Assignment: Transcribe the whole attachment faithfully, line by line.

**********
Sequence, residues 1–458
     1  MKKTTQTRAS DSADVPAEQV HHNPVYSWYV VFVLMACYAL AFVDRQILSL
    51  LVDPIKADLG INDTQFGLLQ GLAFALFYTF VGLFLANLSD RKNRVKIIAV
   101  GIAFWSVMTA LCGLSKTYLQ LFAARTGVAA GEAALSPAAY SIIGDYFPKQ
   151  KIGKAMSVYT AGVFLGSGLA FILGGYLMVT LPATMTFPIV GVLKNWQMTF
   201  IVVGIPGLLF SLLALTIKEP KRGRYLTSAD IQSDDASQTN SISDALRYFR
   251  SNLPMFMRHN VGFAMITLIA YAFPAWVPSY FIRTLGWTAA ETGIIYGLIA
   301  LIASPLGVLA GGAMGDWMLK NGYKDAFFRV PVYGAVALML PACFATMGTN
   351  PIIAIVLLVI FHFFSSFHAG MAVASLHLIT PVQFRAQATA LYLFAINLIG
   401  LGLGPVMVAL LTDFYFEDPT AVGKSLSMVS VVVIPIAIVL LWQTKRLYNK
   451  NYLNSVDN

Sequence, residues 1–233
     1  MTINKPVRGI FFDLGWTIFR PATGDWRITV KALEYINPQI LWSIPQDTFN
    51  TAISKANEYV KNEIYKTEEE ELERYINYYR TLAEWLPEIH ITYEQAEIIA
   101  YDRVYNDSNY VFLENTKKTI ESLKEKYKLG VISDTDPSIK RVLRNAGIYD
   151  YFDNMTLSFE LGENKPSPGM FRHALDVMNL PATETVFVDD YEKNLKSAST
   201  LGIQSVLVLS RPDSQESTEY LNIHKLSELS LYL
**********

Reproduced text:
Sequence, residues 1–458
     1  MKKTTQTRAS DSADVPAEQV HHNPVYSWYV VFVLMACYAL AFVDRQILSL
    51  LVDPIKADLG INDTQFGLLQ GLAFALFYTF VGLFLANLSD RKNRVKIIAV
   101  GIAFWSVMTA LCGLSKTYLQ LFAARTGVAA GEAALSPAAY SIIGDYFPKQ
   151  KIGKAMSVYT AGVFLGSGLA FILGGYLMVT LPATMTFPIV GVLKNWQMTF
   201  IVVGIPGLLF SLLALTIKEP KRGRYLTSAD IQSDDASQTN SISDALRYFR
   251  SNLPMFMRHN VGFAMITLIA YAFPAWVPSY FIRTLGWTAA ETGIIYGLIA
   301  LIASPLGVLA GGAMGDWMLK NGYKDAFFRV PVYGAVALML PACFATMGTN
   351  PIIAIVLLVI FHFFSSFHAG MAVASLHLIT PVQFRAQATA LYLFAINLIG
   401  LGLGPVMVAL LTDFYFEDPT AVGKSLSMVS VVVIPIAIVL LWQTKRLYNK
   451  NYLNSVDN

Sequence, residues 1–233
     1  MTINKPVRGI FFDLGWTIFR PATGDWRITV KALEYINPQI LWSIPQDTFN
    51  TAISKANEYV KNEIYKTEEE ELERYINYYR TLAEWLPEIH ITYEQAEIIA
   101  YDRVYNDSNY VFLENTKKTI ESLKEKYKLG VISDTDPSIK RVLRNAGIYD
   151  YFDNMTLSFE LGENKPSPGM FRHALDVMNL PATETVFVDD YEKNLKSAST
   201  LGIQSVLVLS RPDSQESTEY LNIHKLSELS LYL